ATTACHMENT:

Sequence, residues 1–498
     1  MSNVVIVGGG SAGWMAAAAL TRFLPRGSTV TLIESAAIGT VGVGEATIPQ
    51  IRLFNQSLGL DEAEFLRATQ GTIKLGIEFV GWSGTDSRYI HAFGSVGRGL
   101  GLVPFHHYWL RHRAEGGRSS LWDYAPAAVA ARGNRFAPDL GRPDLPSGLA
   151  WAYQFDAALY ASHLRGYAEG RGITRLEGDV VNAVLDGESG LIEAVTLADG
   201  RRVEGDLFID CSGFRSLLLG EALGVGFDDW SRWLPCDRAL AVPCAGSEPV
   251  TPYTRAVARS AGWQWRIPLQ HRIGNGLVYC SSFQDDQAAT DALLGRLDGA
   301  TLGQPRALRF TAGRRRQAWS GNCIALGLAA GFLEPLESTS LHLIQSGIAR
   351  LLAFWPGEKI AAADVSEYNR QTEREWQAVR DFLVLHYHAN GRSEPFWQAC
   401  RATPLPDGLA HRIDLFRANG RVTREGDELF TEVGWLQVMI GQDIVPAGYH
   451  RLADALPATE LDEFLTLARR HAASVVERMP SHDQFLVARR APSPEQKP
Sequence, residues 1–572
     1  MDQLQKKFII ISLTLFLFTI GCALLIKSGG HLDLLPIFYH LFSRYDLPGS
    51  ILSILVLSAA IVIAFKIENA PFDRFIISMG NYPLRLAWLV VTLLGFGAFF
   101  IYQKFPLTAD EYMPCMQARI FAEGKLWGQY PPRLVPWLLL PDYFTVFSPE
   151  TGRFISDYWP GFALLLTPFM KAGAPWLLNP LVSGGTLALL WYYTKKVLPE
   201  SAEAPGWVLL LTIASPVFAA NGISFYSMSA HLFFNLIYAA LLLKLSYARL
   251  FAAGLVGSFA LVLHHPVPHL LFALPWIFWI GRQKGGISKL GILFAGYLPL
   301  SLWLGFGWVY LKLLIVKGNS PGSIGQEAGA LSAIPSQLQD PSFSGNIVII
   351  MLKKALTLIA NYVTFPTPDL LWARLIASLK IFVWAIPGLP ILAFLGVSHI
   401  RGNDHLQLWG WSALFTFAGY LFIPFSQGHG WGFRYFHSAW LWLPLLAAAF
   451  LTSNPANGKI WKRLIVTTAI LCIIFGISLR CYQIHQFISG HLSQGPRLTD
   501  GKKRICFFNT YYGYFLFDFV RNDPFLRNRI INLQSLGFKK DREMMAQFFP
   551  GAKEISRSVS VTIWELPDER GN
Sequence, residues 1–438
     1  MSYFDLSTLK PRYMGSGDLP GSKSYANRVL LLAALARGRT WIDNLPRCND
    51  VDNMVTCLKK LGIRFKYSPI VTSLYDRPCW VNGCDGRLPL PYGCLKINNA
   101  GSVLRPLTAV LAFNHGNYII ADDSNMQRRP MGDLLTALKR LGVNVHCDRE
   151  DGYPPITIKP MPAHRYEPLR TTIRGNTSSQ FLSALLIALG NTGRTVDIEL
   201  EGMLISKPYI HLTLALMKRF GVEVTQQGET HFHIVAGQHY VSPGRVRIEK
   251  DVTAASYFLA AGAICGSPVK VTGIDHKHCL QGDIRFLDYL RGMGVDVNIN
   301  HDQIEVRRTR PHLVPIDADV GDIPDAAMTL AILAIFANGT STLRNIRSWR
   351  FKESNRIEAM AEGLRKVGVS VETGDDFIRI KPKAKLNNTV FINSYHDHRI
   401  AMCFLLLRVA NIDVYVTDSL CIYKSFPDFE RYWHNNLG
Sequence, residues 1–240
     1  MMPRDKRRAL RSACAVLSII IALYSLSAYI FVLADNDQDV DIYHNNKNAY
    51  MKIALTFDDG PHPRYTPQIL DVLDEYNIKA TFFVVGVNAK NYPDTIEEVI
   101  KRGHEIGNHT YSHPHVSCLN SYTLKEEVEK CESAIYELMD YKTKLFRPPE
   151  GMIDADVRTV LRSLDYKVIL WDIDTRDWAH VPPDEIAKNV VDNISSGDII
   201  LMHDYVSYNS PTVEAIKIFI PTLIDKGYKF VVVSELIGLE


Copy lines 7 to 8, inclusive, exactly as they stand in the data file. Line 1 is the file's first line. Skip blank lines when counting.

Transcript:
   251  TPYTRAVARS AGWQWRIPLQ HRIGNGLVYC SSFQDDQAAT DALLGRLDGA
   301  TLGQPRALRF TAGRRRQAWS GNCIALGLAA GFLEPLESTS LHLIQSGIAR